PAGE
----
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Azerbaijan extends detention of opposition leader


A court in Azerbaijan on Tuesday extended the pre-trial detention of a prominent opposition leader accused of fomenting rare anti-government riots in the tightly-controlled former Soviet state, his lawyer said.

Tofig Yagublu -- deputy head of opposition group Musavat -- was handed almost four additional months in jail in closed court hearings in Baku where he is awaiting trial on charges of causing mass disorder and resisting state officials.

Prosecutors were granted the extension until December 4 after citing the "complexity of the criminal investigation and the need for more time," said his lawyer Nemat Kerimli.

The activist was arrested in early February accused of helping organise an outbreak of rioting in the provincial town of Ismayilli in January that saw police use rubber bullets, tear gas and water cannon to disperse thousands of protestors.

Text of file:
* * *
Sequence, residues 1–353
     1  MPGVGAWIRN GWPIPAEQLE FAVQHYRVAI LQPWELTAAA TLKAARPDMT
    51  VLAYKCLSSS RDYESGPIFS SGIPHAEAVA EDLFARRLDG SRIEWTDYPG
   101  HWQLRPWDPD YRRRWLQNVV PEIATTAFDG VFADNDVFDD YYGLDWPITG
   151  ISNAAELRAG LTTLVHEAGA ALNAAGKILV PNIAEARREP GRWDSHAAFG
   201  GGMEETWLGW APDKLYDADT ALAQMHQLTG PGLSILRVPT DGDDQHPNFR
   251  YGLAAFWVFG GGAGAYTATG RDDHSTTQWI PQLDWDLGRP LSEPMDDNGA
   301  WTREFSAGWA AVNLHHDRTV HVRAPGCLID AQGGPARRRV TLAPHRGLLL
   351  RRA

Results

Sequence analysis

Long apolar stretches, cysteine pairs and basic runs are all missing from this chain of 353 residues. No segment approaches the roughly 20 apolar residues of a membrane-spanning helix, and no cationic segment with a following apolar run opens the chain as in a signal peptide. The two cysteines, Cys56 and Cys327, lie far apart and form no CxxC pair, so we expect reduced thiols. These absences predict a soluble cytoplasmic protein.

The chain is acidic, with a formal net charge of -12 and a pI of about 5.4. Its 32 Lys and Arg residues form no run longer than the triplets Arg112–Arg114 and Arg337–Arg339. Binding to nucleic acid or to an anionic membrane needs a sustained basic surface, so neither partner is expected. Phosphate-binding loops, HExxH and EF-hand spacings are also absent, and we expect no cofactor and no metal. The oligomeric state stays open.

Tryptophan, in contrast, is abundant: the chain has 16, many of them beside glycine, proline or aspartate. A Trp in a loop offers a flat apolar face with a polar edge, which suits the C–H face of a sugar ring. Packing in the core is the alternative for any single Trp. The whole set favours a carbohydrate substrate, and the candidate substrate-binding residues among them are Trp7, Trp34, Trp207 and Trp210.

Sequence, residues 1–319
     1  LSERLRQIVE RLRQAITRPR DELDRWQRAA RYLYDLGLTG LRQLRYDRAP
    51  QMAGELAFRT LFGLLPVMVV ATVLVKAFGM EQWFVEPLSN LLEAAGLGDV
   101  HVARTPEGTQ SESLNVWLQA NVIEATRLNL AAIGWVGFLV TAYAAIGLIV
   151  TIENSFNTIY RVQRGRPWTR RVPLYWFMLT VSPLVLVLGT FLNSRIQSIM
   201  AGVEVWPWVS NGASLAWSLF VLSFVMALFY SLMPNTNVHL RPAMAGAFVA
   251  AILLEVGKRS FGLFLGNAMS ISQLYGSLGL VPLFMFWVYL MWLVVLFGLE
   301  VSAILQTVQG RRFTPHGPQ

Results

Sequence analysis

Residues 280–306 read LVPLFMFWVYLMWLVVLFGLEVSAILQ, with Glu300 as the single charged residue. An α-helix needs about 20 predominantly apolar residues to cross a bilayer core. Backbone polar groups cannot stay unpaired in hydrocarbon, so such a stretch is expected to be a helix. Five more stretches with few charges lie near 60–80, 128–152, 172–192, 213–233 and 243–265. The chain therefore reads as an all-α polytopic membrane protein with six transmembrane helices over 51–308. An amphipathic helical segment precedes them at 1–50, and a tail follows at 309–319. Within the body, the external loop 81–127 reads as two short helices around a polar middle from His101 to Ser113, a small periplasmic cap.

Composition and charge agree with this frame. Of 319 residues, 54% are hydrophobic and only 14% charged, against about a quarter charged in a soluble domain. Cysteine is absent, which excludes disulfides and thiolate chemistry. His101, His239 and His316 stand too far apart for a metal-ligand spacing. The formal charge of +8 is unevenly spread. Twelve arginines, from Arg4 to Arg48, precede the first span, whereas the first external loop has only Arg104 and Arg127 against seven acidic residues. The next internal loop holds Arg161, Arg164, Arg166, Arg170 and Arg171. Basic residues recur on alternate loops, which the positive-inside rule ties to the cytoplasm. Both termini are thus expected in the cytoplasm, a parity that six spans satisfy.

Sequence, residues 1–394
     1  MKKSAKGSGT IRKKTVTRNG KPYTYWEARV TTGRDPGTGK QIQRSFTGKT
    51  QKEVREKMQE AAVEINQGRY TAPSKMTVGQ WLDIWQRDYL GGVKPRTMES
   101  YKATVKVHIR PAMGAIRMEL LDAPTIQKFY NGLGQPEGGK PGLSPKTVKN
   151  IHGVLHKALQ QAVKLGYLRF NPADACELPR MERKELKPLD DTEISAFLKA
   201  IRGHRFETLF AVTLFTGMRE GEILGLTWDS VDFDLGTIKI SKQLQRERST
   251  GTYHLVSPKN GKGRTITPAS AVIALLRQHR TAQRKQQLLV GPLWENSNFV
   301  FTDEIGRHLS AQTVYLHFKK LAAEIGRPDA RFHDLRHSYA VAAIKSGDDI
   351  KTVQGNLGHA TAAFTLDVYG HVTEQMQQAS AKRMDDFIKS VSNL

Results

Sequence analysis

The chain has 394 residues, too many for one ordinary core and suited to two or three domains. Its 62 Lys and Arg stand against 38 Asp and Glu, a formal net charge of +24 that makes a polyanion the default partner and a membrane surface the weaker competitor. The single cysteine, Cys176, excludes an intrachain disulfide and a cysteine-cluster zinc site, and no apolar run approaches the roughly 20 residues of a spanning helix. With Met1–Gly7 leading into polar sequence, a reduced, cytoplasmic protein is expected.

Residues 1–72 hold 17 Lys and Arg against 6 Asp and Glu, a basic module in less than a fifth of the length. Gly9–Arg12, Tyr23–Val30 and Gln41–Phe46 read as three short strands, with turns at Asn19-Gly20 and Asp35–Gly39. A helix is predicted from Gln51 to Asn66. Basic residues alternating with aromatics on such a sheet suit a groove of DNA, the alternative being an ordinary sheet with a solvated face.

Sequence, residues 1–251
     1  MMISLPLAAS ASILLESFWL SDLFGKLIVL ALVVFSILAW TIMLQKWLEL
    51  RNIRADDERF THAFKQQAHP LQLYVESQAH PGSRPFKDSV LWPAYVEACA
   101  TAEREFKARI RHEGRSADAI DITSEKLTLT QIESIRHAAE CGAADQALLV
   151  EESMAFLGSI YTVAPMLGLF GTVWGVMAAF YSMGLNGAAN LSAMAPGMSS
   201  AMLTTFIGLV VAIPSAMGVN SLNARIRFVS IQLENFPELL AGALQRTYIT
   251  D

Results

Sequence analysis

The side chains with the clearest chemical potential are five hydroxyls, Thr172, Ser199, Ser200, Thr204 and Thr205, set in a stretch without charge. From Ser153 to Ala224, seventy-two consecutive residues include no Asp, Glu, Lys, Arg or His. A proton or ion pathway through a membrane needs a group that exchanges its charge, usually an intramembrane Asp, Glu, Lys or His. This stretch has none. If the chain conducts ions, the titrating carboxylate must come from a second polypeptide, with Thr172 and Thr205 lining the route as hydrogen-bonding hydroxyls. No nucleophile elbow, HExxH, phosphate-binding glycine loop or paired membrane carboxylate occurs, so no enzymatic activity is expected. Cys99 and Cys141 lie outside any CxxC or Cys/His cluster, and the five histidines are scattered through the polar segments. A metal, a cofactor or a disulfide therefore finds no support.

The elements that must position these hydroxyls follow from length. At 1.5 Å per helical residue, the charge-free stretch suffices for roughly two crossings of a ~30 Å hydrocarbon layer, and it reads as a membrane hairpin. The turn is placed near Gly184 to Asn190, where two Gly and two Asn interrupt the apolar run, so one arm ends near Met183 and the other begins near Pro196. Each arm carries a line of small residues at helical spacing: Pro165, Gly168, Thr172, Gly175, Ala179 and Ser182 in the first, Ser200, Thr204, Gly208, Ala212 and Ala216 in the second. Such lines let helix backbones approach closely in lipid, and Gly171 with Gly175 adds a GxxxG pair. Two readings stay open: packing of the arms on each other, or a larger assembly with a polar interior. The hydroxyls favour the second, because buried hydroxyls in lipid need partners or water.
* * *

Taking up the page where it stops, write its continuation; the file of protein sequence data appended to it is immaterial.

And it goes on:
Another prominent opposition figure, Ilgar Mammadov -- who heads the Republican Alternative (REAL) movement -- was detained along with Yagublu on similar charges and also remains in detention.

Azerbaijan's weakened opposition denied any role in the rampage in which angry residents torched buildings and cars following a minor car crash and fight allegedly involving a relative of the local governor.

Any display of public discontent and political dissent usually meets a tough government reaction in Azerbaijan, which is gearing up to a presidential election in October.

Strongman President Ilham Aliyev took over in 2003 after the death of his father Heydar, a former KGB officer and Communist-era boss.

He looks certain to win the poll despite a coalition of groups choosing Oscar-winning screenwriter Rustam Ibragimbekov as its candidate.

Human rights activists have accused authorities in the oil-rich state of locking up scores of opponents in a bid to stifle opposition and strangle criticism in the run-up to the election.

Amnesty International has called the charges against Yagublu and Mammadov -- who had previously said he wanted to run for president -- "politically motivated".

The men face up to 10 years in prison if found guilty, Amnesty said.